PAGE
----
If we are working purely on learning hours -- it would appear that a +40 hour micro-course would faciliate maximum reuse within existing course structures for degrees on an international scale. Namely that 30 micro- courses would equate to a year of academic study. That seems like a doable solution for the OERu network to recognise a year of study, yet fit micro-courses into existing course / paper requirements at our instituions.
The PLAR / RPL experts in our networks will also provide good advice on how we can deal with these challenges.
So in theory it would be conceivable
"In North America, a 3-year Bachelor's degree is 90 credits or 30 courses of 3 credits each."
It's definitely conceivable. While most courses in North American schools are three credits, there are some that are one credit. For schools to make more extensive use of such shorter courses would be evolutionary, not revolutionary.
I am not sure where the 90 credit three year degree model came from. In most US colleges and universities the model is four years and 120 to 128 credits (Empire State College has 128 because students receive up to 8 credits for educational planning). At ESC most of our courses are 4 credits although you are correct that in most other the norm is 3 credits. Hope this sheds some light...the US higher ed system is confusing.
"I am not sure where the 90 credit three year degree model came from."
We were referring to North America. Canadians also use the semester-hour, but a few of their schools offer three year Bachelor's degrees that are 90 credits. Athabasca has a three year Bachelor of General Studies that is very permissive when it comes to transfer credit, for example.
Just for clarification, the idea of a three-year Bachelor program comes from the UK and Europe where the first year of the US system would be the last year of their high school. Also note that the US is not the only country that uses the 120+ credit, four year system. Many other countries, such as here in Thailand, use it too.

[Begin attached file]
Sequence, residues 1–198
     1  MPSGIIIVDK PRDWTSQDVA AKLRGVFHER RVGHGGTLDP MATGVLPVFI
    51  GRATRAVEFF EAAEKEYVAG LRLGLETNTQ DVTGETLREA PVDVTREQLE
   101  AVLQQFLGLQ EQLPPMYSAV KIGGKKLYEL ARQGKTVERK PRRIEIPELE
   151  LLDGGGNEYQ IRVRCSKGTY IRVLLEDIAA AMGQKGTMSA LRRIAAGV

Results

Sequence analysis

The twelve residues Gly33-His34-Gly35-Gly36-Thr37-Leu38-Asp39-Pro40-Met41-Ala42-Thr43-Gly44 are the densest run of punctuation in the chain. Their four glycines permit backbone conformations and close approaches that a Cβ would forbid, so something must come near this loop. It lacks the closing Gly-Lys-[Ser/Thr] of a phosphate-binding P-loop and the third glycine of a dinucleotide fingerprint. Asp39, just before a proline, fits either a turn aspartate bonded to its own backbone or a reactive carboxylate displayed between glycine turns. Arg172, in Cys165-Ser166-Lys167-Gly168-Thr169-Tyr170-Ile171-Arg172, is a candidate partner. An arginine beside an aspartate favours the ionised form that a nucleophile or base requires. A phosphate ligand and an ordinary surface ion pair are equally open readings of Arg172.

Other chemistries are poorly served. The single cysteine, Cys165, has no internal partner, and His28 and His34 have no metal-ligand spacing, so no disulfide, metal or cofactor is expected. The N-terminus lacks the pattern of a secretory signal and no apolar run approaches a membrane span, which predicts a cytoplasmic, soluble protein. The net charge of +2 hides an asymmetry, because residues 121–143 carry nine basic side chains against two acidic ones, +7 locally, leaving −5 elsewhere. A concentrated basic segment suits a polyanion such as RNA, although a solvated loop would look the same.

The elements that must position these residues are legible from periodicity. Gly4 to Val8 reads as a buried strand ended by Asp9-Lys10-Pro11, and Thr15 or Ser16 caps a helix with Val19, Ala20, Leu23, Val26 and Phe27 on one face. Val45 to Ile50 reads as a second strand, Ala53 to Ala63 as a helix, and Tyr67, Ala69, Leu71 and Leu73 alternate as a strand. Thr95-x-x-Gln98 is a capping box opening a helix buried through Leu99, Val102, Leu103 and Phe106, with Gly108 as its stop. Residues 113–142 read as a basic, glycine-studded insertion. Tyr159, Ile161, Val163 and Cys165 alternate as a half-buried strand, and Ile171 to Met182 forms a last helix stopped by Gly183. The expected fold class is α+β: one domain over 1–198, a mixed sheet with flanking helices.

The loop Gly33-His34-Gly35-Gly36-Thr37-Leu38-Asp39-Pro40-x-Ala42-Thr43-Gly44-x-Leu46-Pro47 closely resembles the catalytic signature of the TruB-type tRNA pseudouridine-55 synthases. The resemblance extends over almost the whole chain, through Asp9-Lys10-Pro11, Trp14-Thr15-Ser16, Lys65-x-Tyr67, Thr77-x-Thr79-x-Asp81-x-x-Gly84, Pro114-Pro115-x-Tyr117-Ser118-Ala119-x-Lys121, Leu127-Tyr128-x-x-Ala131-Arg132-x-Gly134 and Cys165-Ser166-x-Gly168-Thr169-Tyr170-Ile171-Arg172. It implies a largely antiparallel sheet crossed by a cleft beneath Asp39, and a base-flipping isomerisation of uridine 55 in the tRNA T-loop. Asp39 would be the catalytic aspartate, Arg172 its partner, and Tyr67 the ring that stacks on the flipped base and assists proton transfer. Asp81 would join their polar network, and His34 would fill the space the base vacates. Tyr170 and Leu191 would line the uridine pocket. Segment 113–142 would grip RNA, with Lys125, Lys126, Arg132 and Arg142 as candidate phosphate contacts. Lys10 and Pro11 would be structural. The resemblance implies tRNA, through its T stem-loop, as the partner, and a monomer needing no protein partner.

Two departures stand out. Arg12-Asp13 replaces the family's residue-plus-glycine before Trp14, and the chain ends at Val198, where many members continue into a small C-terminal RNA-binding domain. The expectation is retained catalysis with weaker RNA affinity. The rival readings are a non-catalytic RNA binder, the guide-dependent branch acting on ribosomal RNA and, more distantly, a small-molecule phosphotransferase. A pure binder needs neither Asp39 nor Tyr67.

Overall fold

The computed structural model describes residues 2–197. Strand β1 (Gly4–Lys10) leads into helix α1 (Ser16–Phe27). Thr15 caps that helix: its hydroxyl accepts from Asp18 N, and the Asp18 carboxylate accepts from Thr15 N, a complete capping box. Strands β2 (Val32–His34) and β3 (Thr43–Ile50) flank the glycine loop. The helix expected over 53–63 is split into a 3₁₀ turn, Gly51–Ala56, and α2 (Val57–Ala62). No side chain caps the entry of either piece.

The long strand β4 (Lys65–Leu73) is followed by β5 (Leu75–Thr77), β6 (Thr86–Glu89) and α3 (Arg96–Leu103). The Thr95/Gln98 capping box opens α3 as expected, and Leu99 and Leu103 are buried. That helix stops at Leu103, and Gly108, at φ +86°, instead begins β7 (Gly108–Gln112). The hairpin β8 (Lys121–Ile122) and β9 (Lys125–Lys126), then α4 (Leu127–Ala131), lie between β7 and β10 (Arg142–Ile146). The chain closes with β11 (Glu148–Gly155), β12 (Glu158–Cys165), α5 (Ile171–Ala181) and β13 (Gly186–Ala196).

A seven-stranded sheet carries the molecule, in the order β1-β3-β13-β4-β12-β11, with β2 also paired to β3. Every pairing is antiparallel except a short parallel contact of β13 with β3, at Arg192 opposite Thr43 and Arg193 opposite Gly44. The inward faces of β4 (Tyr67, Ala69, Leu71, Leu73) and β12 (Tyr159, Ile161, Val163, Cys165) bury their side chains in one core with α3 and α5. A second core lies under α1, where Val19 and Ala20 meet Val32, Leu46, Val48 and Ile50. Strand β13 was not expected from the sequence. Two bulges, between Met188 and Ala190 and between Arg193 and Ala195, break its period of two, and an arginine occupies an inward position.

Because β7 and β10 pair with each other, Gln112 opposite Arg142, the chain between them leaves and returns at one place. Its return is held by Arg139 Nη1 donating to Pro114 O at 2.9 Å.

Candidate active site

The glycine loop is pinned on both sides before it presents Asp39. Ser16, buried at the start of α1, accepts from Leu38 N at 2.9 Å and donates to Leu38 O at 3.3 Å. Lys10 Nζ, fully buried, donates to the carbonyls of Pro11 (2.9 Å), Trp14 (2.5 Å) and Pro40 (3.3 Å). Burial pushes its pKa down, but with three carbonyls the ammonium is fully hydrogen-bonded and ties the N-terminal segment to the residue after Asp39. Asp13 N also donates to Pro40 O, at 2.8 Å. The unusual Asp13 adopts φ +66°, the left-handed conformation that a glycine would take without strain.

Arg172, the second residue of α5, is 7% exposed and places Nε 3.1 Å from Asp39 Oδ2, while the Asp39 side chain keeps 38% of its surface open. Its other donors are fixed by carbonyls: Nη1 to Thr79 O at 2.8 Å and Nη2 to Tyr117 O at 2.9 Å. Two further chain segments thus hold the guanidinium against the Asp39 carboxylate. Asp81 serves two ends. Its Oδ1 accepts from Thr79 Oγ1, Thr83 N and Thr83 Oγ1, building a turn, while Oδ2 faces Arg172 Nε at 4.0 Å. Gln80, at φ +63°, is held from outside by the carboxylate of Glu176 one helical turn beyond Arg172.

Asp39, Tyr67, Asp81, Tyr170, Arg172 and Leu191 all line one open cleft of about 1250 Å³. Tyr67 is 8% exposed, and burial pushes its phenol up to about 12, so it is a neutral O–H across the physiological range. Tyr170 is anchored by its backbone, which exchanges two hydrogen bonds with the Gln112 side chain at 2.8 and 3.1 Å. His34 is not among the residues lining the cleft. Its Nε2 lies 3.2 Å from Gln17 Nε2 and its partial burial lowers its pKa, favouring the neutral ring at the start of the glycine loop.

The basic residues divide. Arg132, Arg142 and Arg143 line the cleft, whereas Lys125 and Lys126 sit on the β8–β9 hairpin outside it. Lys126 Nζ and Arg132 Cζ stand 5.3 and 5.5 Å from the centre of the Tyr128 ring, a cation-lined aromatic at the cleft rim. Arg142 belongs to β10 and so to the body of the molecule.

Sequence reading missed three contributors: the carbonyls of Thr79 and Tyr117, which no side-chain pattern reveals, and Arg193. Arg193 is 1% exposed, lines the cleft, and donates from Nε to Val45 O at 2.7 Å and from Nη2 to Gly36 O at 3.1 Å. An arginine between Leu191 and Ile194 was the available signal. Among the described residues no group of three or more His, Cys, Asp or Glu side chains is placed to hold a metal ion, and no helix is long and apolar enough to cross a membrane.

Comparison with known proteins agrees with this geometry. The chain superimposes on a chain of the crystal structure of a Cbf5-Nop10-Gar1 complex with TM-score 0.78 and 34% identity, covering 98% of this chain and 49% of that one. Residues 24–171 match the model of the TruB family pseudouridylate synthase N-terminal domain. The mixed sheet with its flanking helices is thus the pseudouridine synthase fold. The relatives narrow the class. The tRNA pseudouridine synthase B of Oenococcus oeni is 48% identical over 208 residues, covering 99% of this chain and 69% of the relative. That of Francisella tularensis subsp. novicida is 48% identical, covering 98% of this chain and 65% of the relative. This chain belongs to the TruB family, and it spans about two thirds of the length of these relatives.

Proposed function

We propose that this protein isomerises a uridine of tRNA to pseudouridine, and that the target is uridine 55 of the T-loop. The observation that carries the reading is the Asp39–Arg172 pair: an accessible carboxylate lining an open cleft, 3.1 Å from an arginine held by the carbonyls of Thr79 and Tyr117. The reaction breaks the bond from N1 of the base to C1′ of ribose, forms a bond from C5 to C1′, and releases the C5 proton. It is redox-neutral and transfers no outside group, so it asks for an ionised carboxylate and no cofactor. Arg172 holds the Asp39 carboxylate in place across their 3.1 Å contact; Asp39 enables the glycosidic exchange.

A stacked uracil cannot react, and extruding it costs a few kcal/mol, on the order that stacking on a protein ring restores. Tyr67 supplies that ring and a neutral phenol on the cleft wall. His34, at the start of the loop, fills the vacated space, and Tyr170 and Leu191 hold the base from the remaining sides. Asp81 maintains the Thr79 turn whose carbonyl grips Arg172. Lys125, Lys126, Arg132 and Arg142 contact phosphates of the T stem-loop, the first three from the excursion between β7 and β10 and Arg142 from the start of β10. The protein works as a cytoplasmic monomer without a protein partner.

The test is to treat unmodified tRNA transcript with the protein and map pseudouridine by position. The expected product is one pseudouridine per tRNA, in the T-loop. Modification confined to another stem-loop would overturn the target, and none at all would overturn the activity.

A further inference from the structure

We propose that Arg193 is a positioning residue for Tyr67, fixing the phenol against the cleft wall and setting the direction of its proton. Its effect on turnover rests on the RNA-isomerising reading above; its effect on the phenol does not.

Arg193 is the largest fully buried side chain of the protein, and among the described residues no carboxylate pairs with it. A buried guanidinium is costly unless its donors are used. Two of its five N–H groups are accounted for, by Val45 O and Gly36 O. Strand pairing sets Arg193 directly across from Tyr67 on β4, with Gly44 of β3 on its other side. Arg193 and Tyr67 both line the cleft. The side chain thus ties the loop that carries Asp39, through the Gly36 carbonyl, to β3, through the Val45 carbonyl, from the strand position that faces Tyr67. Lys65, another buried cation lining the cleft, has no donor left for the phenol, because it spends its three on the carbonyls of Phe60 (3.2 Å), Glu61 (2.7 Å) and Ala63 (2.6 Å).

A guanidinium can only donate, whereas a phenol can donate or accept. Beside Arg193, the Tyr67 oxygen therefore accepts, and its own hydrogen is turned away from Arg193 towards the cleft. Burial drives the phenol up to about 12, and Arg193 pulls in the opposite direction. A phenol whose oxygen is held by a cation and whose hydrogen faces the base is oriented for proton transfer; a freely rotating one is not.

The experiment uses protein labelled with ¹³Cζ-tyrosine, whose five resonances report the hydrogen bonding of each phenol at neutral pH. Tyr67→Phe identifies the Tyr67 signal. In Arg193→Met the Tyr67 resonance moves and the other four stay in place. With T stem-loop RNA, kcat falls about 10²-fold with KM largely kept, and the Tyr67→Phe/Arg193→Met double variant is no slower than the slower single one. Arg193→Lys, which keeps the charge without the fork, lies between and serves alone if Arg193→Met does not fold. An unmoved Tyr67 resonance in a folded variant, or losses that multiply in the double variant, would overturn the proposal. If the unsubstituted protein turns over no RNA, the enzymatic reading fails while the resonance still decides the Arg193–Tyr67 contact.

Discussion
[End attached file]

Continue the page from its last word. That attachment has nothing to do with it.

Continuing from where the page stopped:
I spent a pleasant evening at a conference I was chairing last month with Bruce Chaloux of the Sloan Consortium and we spent time sharing how different our two systems were - even though fundamentally we are working towards the same thing. So it is not just the US system is confusing - all of our systems are confusing to each other.
as you probably know we in the UK have an undergraduate model that is the same as New Zealand - a bachelors degree with 3 years including 360 credits. However how these are split is for institutions to decide and some institutions split as 24 courses of 15 credits others 18 courses of 20 credits (as we do) or in some cases 12 course of 30 credits.
We are just launching a funded project with three South East Wales partners developing RPL for work-based learning and I expect synergies from that project and the OERu to be significant (as I'm project lead for both I certainly hope so).